If you are snow bound you can spend a considerable time in working the snow for an improved shelter or just making stuff for the hell of it. I have even made small snowmen and animals on one occasion many years ago when I was out in a snowstorm with what was then my new wife of a year or two. You can use up a considerable amount of time melting snow to replenish your water supply. (You can also use the hot water in a Dromedary or platypus style water container like a hot water bottle at the foot of your sleeping bag to raise the thermal rating of your bag!). <img src='http://www.hoodswoods.net/IVB/public/style_emoticons/<#EMO_DIR#>/wub.gif' class='bbc_emoticon' alt=':wub:' /> <img src='http://www.hoodswoods.net/IVB/public/style_emoticons/<#EMO_DIR#>/smile.gif' class='bbc_emoticon' alt='Smile' />



If it is raining then you can use your tarp as a weather cover rather than a shelter or tent. (I carry two tarps or a tent and a tarp as a rule) A twelve-foot section of Tyvec works well also. Set it up five or more feet off of the ground and build yourself a little oasis in the middle of the forest. I usually set up my tent or shelter tarp at one end of the weather tarp so I can come and go without getting wet. Anyway this type of camp allows you to do many of the things you would normally do on a dry day/night. I have always enjoyed carving small hand size things like bears or birds or something depending on the wood I found and what it looks like to me.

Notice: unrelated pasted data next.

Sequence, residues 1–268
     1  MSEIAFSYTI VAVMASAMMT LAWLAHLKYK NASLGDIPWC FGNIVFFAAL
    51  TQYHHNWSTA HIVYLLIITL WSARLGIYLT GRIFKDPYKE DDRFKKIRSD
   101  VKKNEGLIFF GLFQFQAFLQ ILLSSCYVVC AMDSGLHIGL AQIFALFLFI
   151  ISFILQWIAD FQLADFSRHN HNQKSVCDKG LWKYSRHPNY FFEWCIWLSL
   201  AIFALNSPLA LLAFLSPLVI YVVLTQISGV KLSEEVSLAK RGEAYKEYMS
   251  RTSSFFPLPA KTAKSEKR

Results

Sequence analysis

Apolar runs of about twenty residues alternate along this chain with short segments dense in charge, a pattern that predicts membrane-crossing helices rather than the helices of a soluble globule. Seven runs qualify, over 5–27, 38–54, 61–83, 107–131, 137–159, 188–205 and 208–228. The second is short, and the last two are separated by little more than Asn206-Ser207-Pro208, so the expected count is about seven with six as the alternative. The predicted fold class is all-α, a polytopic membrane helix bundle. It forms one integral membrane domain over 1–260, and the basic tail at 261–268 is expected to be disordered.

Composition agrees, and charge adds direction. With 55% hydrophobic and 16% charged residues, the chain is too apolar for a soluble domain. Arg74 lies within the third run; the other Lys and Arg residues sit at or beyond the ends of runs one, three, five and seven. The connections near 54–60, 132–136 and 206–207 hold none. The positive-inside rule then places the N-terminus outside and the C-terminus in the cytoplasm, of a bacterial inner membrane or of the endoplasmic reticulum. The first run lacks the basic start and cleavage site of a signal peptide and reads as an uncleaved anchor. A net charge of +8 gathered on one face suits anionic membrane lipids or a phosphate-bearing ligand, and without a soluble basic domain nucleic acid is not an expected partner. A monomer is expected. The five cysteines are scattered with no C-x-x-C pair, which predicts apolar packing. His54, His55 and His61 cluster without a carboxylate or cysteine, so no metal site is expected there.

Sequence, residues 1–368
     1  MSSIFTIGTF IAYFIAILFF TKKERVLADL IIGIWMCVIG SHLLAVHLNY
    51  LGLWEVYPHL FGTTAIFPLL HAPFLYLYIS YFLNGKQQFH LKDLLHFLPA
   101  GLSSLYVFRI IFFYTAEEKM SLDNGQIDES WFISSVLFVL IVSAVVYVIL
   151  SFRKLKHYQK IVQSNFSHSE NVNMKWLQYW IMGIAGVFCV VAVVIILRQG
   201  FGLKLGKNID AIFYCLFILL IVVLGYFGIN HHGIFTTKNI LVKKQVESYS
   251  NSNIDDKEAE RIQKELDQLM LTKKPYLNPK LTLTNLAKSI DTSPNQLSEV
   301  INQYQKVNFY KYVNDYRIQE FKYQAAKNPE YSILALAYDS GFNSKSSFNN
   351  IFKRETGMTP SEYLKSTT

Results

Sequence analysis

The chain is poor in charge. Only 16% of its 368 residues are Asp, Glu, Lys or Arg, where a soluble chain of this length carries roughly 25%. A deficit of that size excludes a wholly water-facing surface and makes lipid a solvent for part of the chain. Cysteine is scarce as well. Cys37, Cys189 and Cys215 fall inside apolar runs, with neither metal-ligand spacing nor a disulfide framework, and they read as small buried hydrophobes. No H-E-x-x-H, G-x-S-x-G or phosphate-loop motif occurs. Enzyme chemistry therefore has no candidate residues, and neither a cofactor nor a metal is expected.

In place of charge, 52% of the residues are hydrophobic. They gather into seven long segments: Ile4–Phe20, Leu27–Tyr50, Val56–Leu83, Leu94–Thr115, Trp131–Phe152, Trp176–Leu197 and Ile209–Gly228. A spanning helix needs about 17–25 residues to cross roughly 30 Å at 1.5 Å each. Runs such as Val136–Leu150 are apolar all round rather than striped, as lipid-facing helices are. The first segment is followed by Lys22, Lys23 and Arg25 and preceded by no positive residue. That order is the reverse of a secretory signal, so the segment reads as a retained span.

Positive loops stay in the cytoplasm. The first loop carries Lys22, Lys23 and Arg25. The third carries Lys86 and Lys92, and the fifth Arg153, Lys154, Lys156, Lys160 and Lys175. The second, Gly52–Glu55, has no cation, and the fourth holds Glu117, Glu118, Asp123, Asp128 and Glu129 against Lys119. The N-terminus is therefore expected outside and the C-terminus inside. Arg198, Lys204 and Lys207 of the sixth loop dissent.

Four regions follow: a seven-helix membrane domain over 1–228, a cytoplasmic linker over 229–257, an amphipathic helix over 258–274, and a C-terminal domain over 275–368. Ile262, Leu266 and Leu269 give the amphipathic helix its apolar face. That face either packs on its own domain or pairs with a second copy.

If it is a clear night then stars can always take up some of the time. You can get a pretty good look at the details of the moon with a good pair of binoculars. Practicing fire making can keep you warm and occupied for a little while. Like Bill I am partial to just sitting back and enjoying a good book and drinking hot chocolate.